26 March 2012

Popcorn has healthy antioxidants

A new study says that popcorn, a whole-grain treat, contains more of the "good for you" antioxidants called polyphenols than some fruits or vegetables. But not the microwave variety.


Want a healthy snack? Consider passing the popcorn. A new study says the whole-grain treat contains more of the "good for you" antioxidants called polyphenols than some fruits or vegetables.

The amount of polyphenols in popcorn was up to 300 milligrams (mg) per serving compared with 114 mg per serving of sweet corn and 160 mg per serving for all fruits, according to study findings to be at a meeting of the American Chemical Society in San Diego.

This is because polyphenols are diluted in the 90% water that makes up many fruits and vegetables, whereas they are more concentrated in popcorn, which averages only about 4% water, the study authors said.

In the average diet, fruits provide 255 mg of polyphenols per day and vegetables provide 218 mg per day. One serving of popcorn would provide 13% of the average daily intake of polyphenols per person in the United States, the Pennsylvania researchers said in a society news release.

Why popcorn is good for you

The levels of polyphenols in popcorn reported in this study were higher than previously believed. The levels were similar to those found in nuts and 15 times the levels found in whole-grain tortilla chips, the researchers said.

The investigators also found that the hulls of popcorn - the bits that tend to get caught in the teeth - have the highest concentrations of polyphenols and fibre.

"Those hulls deserve more respect," study author Joe Vinson, of the University of Scranton, said.

However, Vinson warned, adding butter, salt and other kilojoule-laden flavourings can turn this snack into a bucketful of trouble.

Microwave popcorn not so good

"Air-popped popcorn has the lowest number of calories, of course," Vinson said. "Microwave popcorn has twice as many kilojoules as air-popped, and if you pop your own with oil, this has twice as many kilojoules as air-popped popcorn. About 43% of microwave popcorn is fat, compared to 28% if you pop the corn in oil yourself."

Vinson also added that eating popcorn shouldn't be an excuse to skip the fresh fruits and vegetables. Popcorn lacks the vitamins and other nutrients found in fruits and vegetables that are essential for good health.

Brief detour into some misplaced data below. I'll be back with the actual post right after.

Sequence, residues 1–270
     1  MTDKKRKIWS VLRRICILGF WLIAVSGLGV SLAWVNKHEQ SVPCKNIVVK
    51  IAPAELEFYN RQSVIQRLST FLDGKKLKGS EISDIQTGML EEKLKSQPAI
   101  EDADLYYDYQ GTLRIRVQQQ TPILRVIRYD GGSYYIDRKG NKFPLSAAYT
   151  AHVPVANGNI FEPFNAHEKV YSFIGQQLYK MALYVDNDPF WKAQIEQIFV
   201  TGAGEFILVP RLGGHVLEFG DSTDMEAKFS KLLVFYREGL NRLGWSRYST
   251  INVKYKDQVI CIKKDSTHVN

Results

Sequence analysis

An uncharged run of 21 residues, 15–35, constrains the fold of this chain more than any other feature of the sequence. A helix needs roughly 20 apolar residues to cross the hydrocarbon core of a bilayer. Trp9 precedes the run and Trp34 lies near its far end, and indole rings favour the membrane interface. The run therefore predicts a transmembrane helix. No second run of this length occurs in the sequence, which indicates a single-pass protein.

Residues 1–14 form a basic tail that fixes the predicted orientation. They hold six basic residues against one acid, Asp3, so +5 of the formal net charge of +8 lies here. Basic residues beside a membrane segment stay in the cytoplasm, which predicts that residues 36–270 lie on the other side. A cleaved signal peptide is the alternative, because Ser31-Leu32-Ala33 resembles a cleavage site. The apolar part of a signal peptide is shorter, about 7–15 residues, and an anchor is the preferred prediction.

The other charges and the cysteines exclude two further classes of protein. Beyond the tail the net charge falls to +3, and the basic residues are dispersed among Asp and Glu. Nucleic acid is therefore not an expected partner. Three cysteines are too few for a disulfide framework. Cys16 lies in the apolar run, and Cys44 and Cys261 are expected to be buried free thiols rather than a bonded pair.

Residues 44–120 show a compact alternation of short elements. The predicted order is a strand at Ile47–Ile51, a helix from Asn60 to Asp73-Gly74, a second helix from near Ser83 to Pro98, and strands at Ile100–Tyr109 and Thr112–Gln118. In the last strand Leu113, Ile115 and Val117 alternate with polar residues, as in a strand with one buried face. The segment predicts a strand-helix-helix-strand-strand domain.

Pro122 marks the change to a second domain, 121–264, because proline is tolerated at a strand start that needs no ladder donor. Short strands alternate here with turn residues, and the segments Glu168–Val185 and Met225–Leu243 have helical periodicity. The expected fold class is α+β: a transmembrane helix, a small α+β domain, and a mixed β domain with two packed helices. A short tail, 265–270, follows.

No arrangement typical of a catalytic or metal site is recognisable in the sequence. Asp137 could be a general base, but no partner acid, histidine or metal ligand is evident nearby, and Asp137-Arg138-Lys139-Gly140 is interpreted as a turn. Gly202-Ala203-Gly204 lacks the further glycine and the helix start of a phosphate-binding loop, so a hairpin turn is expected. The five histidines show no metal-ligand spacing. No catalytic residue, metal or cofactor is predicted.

Popcorn is the "only snack that is 100% unprocessed whole grain. All other grains are processed and diluted with other ingredients, and although cereals are called 'whole grain,' this simply means that over 51% of the weight of the product is whole grain," Vinson said.

"One serving of popcorn will provide more than 70% of the daily intake of whole grain. The average person only gets about half a serving of whole grains a day, and popcorn could fill that gap in a very pleasant way," he noted.

The study was funded by the university and received no money from the food industry. The data and conclusions of research presented at medical meetings should be viewed as preliminary until published in a peer-reviewed journal.

Read more:
Healthy diets
Eating on the run

More information

The Harvard School of Public Health has more about antioxidants.

(Copyright © 2012 HealthDay. All rights reserved.)


Read Health24’s Comments Policy

Comment on this story
Comments have been closed for this article.

Live healthier


When the flu turns deadly Why the flu makes you feel so miserable

Could a deadly flu strain hit SA this winter?

Following an intense flu season in the US and UK, should we be worried about our own upcoming flu season?

Alcohol and acne »

Dagga vs alcohol: Which is worse? SEE: Why you are drinking more alcohol than you realise

Does alcohol cause acne?

Some foods can be a trigger for acne, but what about alcohol? Dermatologist Dr Nerissa Moodley weighs in.